1936 Harley-Davidson EL
Birth of the Knucklehead
The year was 1931—the height of the Depression. The last thing any motorcycle company could afford was the kind of spending it would take to produce an all-new model.
But that’s exactly what Harley-Davidson officials approved when they green-lighted the new-from-the-ground-up Model E. And when the finished machine was released five years later, that decision proved to be one of the company’s smartest ever.
Much was riding on the new Model E. At the time, the Motor Company’s lineup consisted of a smaller, single-cylinder bike, plus a couple of aging V-twins displacing 45 and 74 cubic inches (about 750cc and 1,200cc, respectively). The target was a bike with the light weight of the 45 coupled with power rivaling the 74.
The engineering required to achieve that goal was impressive. The old side-valve design was replaced with the first overhead valves to appear on a production Harley V-twin, operated via pushrods from a single, multi-lobed camshaft. Those valves were set at right angles to each other, an idea taken from aircraft engines. A recirculating oil system with a dry sump was used, and the new motor was coupled to a four-speed gearbox via a chain primary drive.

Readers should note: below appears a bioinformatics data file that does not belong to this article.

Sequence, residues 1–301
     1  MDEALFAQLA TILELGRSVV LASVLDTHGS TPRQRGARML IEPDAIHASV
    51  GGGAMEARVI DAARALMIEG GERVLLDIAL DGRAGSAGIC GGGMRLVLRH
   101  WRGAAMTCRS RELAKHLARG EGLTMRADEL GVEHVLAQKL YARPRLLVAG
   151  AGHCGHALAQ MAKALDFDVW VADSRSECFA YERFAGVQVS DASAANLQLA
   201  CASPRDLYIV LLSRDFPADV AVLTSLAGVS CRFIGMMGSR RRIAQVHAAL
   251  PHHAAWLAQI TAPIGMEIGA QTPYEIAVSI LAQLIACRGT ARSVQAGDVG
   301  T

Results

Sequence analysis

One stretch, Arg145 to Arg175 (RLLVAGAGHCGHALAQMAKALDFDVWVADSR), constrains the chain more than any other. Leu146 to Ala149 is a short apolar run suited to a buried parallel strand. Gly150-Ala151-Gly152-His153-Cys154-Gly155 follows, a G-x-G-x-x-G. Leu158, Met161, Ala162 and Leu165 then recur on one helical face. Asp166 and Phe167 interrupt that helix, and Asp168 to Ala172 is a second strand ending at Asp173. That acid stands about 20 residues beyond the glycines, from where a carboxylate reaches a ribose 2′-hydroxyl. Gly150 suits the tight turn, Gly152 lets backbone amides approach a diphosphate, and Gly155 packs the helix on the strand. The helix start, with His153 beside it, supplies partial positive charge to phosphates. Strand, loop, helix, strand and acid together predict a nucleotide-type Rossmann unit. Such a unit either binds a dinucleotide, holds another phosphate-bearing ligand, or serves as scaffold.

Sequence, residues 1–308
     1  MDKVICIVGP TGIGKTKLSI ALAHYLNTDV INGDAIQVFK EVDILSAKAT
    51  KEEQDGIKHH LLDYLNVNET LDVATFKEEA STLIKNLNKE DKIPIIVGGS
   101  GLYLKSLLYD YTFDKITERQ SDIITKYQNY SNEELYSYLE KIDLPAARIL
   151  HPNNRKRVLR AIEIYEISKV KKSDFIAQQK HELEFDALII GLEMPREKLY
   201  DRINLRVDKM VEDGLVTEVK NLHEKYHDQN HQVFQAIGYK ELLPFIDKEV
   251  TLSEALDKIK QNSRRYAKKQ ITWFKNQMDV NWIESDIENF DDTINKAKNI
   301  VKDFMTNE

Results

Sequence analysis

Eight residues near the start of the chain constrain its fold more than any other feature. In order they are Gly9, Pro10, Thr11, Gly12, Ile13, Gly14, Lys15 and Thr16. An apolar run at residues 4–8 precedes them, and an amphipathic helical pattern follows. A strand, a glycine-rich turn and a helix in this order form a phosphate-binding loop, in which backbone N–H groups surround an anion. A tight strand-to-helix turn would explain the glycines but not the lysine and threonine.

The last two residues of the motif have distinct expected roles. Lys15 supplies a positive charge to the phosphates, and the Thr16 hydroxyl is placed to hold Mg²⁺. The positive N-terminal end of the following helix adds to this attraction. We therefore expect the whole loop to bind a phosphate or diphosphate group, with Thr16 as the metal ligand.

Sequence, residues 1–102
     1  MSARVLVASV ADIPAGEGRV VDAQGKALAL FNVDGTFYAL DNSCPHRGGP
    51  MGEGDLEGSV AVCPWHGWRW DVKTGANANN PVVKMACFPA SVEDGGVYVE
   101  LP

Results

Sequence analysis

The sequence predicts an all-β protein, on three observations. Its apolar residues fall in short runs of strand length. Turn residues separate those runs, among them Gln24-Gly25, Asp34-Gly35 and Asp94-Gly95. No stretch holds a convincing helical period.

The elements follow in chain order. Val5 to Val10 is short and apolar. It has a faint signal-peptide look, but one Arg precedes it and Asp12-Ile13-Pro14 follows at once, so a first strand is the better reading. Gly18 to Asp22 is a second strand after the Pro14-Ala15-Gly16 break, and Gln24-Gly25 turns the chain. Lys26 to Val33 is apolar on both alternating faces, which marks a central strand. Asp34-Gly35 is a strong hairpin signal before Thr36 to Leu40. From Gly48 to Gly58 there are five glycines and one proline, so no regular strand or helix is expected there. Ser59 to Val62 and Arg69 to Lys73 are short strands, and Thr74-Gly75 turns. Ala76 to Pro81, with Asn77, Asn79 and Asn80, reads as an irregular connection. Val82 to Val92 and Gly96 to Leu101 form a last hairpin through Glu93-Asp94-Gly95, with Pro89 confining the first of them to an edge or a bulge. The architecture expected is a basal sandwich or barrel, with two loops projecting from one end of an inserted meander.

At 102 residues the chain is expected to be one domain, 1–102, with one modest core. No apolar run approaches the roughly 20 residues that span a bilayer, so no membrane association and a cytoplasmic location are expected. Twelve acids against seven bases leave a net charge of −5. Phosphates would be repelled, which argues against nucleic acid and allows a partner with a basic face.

The result was a simple, reliable powerplant that produced a claimed 37 horsepower in the base Model E, and 40 ponies in the higher-compression Model EL.
But when it was released in 1936, it was the appearance of the new engine that attracted attention. The prominent rocker boxes, looking like knuckles on a fist, quickly earned the engine the nickname of the “Knucklehead.”
The Model E’s cachet only went up when racer Joe Petrali took a tuned EL to a record 136.183 mph at Daytona, and Fred Ham rode an E 1,825 miles in 24 hours.
At a time when Excelsior-Henderson was getting out of the motorcycle business and Indian was struggling to survive, the modern Knucklehead installed H-D as America’s premier motorcycle company. And it formed the basis for the Panheads, Shovelheads and even the Evolution motors that followed, taking the company all the way into the 1990s.
All that has made first-year Es—and especially ELs like this unrestored example owned by Dave Minerva—some of the most sought-after Harley-Davidsons of all time. Clearly, the gamble paid off.